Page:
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dc.contributor.advisorGoldberg, Jeffrey B.en
dc.contributor.authorAljalahema, Rashid Shaheen
dc.creatorAljalahema, Rashid Shaheenen
dc.date.accessioned2016-03-22T20:51:40Zen
dc.date.available2016-03-22T20:51:40Zen
dc.date.issued2015en
dc.identifier.urihttp://hdl.handle.net/10150/603515en
dc.description.abstractDynamic deployment is an Emergency Medical Services (EMS) ambulance management strategy where 911 call demand coverage is maximized continuously through time. Unlike static deployment where dispatched ambulances leave a coverage gap until they return to their home-base after service, dynamic deployment redeploys idle ambulances to different locations if that leads to an increase in demand coverage. The purpose of this dissertation was to study dynamic deployment as a viable, beneficial, and cost-effective methodology in managing EMS ambulances and crews. The literature, while rich in studies on static deployment, was lacking when it came to ambulance management strategies like dynamic deployment. Through a discrete-event simulation model, hypothetical EMS systems were simulated under dynamic and static deployment with different demand patterns, demand loads, and system sizes. Dynamic deployment was found to be as good, or often better, in emergency response metrics than static deployment. When EMS systems want to meet a certain response goal, dynamic deployment may enable them to achieve that performance with fewer vehicles than static deployment. While savings in number of vehicles translate to substantial savings in crew wages and vehicular purchasing costs, dynamic deployment may increase operating costs per vehicle because of the extra mileage involved in redeployments. Many EMS systems with average vehicular utilizations of 40% to 50% may find, however, that dynamic deployment may be both cost-effective and beneficial in improving response performance. Different redeployment strategies were studied to address the added travel costs of dynamic deployment and a min-sum assignment model was found to decrease redeployment travel the most without impacting response performance. Finally, a procedure and a mathematical model were developed to route vehicles intelligently such that demand coverage is maximized throughout the redeployment process.
dc.language.isoen_USen
dc.publisherThe University of Arizona.en
dc.rightsCopyright © is held by the author. Digital access to this material is made possible by the University Libraries, University of Arizona. Further transmission, reproduction or presentation (such as public display or performance) of protected items is prohibited except with permission of the author.en
dc.subjectDynamicen
dc.subjectEMSen
dc.subjectHypercubeen
dc.subjectRedeploymenten
dc.subjectSystems & Industrial Engineeringen
dc.subjectDeploymenten
dc.titleAnswers to EMS Queries About Dynamic Deployment: Fractile Performance, Cost, and Managementen_US
dc.typetexten
dc.typeElectronic Dissertationen
thesis.degree.grantorUniversity of Arizonaen
thesis.degree.leveldoctoralen
dc.contributor.committeememberGoldberg, Jeffrey B.en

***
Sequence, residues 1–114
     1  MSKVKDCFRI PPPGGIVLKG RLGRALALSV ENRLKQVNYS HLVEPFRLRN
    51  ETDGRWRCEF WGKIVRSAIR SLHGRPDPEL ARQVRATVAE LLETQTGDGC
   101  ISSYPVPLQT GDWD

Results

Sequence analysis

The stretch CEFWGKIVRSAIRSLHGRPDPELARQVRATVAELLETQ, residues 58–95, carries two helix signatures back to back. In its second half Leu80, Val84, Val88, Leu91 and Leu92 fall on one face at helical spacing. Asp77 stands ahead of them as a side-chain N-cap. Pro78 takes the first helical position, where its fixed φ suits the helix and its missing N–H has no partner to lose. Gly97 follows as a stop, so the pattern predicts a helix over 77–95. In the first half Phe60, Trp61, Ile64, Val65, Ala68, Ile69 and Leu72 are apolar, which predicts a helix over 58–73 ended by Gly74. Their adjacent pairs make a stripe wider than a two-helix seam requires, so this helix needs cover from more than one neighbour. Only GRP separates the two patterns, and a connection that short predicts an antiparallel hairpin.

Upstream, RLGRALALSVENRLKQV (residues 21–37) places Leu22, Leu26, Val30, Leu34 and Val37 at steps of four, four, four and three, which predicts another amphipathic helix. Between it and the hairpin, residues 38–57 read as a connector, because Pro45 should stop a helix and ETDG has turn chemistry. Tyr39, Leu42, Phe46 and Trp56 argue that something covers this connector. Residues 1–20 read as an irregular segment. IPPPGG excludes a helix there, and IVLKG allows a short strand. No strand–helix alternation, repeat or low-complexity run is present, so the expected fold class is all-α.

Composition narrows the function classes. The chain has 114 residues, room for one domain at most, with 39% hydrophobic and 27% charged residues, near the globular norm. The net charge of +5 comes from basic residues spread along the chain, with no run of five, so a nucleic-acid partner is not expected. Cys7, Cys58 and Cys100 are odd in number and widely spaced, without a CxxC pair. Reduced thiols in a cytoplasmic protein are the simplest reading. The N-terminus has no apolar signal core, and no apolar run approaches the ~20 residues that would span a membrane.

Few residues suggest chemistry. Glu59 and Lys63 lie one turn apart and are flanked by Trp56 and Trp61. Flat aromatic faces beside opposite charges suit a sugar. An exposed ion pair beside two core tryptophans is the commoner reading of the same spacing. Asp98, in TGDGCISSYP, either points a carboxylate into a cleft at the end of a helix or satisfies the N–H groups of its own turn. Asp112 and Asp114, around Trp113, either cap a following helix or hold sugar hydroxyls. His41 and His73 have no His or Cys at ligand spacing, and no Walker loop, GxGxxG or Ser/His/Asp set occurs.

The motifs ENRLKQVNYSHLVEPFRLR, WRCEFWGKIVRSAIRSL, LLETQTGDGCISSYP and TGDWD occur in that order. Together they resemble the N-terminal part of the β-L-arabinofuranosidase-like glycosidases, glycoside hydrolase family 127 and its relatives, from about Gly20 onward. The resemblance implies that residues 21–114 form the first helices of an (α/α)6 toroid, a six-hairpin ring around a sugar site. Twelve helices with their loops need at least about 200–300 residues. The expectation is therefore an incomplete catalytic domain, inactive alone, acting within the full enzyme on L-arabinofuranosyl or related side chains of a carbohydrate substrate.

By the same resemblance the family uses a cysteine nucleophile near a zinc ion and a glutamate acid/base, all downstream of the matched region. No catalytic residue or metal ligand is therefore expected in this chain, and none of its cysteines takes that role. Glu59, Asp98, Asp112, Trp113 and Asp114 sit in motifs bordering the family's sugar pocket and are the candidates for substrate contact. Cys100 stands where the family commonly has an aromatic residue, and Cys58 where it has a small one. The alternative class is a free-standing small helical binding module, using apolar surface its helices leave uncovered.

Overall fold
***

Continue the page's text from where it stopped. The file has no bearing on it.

dc.contributor.committeememberHead, Kenneth Larryen
dc.contributor.committeememberSon, Young Junen
thesis.degree.disciplineGraduate Collegeen
thesis.degree.disciplineSystems & Industrial Engineeringen
thesis.degree.namePh.D.en
refterms.dateFOA2018-07-17T22:06:32Z
html.description.abstractDynamic deployment is an Emergency Medical Services (EMS) ambulance management strategy where 911 call demand coverage is maximized continuously through time. Unlike static deployment where dispatched ambulances leave a coverage gap until they return to their home-base after service, dynamic deployment redeploys idle ambulances to different locations if that leads to an increase in demand coverage. The purpose of this dissertation was to study dynamic deployment as a viable, beneficial, and cost-effective methodology in managing EMS ambulances and crews. The literature, while rich in studies on static deployment, was lacking when it came to ambulance management strategies like dynamic deployment. Through a discrete-event simulation model, hypothetical EMS systems were simulated under dynamic and static deployment with different demand patterns, demand loads, and system sizes. Dynamic deployment was found to be as good, or often better, in emergency response metrics than static deployment. When EMS systems want to meet a certain response goal, dynamic deployment may enable them to achieve that performance with fewer vehicles than static deployment. While savings in number of vehicles translate to substantial savings in crew wages and vehicular purchasing costs, dynamic deployment may increase operating costs per vehicle because of the extra mileage involved in redeployments. Many EMS systems with average vehicular utilizations of 40% to 50% may find, however, that dynamic deployment may be both cost-effective and beneficial in improving response performance. Different redeployment strategies were studied to address the added travel costs of dynamic deployment and a min-sum assignment model was found to decrease redeployment travel the most without impacting response performance. Finally, a procedure and a mathematical model were developed to route vehicles intelligently such that demand coverage is maximized throughout the redeployment process.


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